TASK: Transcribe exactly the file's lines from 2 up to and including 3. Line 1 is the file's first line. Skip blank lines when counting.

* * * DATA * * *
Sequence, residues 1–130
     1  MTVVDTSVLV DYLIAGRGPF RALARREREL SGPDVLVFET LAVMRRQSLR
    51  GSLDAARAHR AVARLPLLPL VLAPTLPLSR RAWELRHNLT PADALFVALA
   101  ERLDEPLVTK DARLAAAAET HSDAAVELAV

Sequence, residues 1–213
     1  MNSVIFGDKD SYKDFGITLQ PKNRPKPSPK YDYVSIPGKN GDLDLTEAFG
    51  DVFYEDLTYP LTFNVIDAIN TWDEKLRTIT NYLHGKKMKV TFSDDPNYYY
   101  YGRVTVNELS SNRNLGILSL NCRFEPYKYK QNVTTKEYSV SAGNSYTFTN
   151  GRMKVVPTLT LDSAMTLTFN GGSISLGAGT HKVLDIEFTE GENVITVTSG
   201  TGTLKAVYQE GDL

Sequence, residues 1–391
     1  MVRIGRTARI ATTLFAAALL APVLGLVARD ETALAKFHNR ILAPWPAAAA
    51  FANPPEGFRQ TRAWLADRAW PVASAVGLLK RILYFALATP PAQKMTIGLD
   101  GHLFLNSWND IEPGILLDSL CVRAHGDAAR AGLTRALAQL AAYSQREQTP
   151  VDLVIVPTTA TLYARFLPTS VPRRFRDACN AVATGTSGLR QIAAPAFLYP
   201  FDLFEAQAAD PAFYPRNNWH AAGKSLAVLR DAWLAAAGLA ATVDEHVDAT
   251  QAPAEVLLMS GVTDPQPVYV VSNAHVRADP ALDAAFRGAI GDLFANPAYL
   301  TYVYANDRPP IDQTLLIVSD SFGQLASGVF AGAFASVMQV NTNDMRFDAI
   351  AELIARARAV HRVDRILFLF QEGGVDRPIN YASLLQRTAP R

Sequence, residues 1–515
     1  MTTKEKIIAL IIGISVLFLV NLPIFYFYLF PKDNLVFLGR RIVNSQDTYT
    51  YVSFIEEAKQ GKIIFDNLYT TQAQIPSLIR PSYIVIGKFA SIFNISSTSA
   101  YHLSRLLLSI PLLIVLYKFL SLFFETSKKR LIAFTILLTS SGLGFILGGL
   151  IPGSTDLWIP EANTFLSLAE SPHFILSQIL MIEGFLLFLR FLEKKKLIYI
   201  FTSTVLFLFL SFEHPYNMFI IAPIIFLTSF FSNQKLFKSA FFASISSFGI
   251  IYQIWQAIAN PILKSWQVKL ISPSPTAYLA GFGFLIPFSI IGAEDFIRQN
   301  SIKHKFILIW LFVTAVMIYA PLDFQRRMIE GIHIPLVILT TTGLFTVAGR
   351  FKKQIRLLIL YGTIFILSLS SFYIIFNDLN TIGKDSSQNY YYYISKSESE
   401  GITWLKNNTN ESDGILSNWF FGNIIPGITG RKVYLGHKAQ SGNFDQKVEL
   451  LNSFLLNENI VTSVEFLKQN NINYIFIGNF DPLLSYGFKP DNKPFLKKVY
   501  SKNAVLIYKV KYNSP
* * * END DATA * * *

     1  MTVVDTSVLV DYLIAGRGPF RALARREREL SGPDVLVFET LAVMRRQSLR
    51  GSLDAARAHR AVARLPLLPL VLAPTLPLSR RAWELRHNLT PADALFVALA